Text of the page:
Friday, August 20, 2010

11/30-12/1 Green Power Converence in Chicago

Despite wind installations quadrupling in the period from 2005-09 and the industry’s unprecedented growth defying all the odds during the recession, 2011 is set to be a challenging year for the US wind power industry. Although it is true that major US utilities are increasing direct investments in the renewable energy sector due to more cost effective strategies, beneficial tax credits and incentives at both the state and federal level, and pressure to meet renewable portfolio standards, nevertheless, in order to retain its competitive edge, the US must continue its development of domestic manufacturing facilities.

Much progress has been made with regard to establishing and expanding factories for the most costly components to import such as towers, blades and nacelles. However, there is much work to be done to ensure that investments are made to allow existing suppliers to expand their operations and enable auto manufacturers and others to retool to provide such key elements assembling nacelles, and producing generators, gearboxes, direct drives and sub-components such as electrical mechanisms, bearings and hydraulic systems to meet the inevitable growth in demand, which will be bolstered by the potential of offshore projects being tapped into in the near future.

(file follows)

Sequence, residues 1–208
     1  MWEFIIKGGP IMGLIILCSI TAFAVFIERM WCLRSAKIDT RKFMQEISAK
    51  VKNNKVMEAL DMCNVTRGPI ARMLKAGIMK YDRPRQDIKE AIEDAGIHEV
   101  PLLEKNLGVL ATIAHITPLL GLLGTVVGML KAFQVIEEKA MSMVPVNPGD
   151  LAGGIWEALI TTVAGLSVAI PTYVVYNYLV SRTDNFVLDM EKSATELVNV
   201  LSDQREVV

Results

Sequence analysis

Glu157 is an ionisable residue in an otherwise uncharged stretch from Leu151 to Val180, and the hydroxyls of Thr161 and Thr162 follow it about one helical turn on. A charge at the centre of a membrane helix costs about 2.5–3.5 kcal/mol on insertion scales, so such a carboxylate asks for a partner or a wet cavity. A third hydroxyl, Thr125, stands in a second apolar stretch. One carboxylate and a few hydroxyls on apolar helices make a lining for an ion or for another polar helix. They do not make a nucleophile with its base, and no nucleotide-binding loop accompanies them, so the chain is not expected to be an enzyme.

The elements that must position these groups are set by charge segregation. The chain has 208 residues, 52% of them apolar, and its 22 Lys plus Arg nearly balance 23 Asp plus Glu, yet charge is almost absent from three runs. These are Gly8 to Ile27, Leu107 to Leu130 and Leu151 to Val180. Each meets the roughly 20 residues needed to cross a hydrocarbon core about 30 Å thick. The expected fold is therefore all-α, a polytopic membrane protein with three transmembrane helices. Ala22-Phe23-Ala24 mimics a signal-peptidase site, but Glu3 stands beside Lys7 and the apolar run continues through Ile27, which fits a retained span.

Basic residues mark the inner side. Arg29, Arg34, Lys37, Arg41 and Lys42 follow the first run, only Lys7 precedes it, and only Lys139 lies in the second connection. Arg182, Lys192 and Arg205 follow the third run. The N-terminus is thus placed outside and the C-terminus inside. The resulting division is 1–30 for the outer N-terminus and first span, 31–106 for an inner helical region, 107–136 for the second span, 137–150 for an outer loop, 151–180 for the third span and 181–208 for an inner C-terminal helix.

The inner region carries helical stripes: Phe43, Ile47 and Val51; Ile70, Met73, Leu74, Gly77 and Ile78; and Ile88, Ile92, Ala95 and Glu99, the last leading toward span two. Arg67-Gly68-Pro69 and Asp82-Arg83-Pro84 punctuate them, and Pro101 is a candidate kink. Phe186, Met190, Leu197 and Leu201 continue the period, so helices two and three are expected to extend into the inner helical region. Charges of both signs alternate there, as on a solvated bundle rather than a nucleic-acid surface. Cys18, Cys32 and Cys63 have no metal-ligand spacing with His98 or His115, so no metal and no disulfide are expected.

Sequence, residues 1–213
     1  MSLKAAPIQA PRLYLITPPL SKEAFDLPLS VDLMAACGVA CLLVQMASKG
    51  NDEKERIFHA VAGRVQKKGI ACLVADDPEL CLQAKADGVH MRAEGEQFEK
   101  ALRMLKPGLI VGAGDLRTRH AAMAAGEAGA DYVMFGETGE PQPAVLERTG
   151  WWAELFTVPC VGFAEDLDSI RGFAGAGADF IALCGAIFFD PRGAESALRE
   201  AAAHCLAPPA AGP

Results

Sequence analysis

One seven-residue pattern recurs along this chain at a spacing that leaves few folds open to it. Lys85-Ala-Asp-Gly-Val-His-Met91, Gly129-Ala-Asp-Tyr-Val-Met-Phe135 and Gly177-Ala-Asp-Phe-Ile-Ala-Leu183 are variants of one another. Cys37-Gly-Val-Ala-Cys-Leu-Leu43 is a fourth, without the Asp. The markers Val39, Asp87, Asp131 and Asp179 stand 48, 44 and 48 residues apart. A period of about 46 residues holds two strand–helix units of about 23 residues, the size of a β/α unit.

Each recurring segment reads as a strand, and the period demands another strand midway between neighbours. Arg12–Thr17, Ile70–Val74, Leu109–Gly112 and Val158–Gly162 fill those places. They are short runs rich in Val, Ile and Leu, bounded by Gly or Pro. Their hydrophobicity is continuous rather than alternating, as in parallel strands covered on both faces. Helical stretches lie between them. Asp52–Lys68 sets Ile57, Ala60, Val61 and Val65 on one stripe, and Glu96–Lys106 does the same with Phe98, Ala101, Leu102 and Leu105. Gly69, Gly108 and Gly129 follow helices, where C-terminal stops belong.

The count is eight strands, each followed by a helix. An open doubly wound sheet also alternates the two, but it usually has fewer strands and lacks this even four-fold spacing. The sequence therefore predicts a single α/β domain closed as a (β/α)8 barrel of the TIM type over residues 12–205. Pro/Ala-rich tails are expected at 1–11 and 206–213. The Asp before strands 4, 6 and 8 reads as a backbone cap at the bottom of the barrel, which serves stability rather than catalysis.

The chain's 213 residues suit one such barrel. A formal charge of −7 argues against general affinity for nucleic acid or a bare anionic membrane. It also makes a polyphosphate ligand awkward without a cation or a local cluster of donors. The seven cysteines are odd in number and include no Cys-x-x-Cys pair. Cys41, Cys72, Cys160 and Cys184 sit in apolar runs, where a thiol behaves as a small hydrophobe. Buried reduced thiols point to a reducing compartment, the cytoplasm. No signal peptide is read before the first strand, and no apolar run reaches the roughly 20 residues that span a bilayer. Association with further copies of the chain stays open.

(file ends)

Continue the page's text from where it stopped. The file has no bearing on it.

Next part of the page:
None of this can be achieved without the addition of key regulatory reforms, transmission grid upgrades and long-term stable policy commitments from authorities at federal and state levels without which, the USA will see itself fall behind it chief competitors of Europe and Asia.

Join Green Power Conferences in November 2010 for what promises to the most informative meeting going into 2011 where policy-makers, utilities, operators, developers, suppliers, and component makers will convene to provide the most up-to-date announcements on policy and long-term strategies for establishing competitive domestic wind power manufacturing facilities.
Register here.


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